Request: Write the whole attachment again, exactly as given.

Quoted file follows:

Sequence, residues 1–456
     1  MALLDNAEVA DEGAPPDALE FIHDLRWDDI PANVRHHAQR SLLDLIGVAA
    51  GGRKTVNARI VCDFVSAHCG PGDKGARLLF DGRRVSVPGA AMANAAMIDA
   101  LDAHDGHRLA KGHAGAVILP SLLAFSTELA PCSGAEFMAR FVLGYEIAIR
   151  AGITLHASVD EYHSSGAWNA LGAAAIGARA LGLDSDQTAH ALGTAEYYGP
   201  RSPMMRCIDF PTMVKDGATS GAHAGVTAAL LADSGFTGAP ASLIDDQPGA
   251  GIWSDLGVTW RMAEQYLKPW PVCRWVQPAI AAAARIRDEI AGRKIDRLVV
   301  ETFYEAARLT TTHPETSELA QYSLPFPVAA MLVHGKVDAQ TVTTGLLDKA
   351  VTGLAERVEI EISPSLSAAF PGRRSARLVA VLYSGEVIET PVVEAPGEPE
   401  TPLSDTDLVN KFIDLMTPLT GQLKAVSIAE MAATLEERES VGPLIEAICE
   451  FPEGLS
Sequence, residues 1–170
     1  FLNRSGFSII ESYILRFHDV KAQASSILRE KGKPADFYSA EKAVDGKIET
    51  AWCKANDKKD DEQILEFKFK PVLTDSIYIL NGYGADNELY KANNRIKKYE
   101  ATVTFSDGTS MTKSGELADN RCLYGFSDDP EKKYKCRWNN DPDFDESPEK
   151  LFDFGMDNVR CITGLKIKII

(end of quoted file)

Sequence, residues 1–456
     1  MALLDNAEVA DEGAPPDALE FIHDLRWDDI PANVRHHAQR SLLDLIGVAA
    51  GGRKTVNARI VCDFVSAHCG PGDKGARLLF DGRRVSVPGA AMANAAMIDA
   101  LDAHDGHRLA KGHAGAVILP SLLAFSTELA PCSGAEFMAR FVLGYEIAIR
   151  AGITLHASVD EYHSSGAWNA LGAAAIGARA LGLDSDQTAH ALGTAEYYGP
   201  RSPMMRCIDF PTMVKDGATS GAHAGVTAAL LADSGFTGAP ASLIDDQPGA
   251  GIWSDLGVTW RMAEQYLKPW PVCRWVQPAI AAAARIRDEI AGRKIDRLVV
   301  ETFYEAARLT TTHPETSELA QYSLPFPVAA MLVHGKVDAQ TVTTGLLDKA
   351  VTGLAERVEI EISPSLSAAF PGRRSARLVA VLYSGEVIET PVVEAPGEPE
   401  TPLSDTDLVN KFIDLMTPLT GQLKAVSIAE MAATLEERES VGPLIEAICE
   451  FPEGLS
Sequence, residues 1–170
     1  FLNRSGFSII ESYILRFHDV KAQASSILRE KGKPADFYSA EKAVDGKIET
    51  AWCKANDKKD DEQILEFKFK PVLTDSIYIL NGYGADNELY KANNRIKKYE
   101  ATVTFSDGTS MTKSGELADN RCLYGFSDDP EKKYKCRWNN DPDFDESPEK
   151  LFDFGMDNVR CITGLKIKII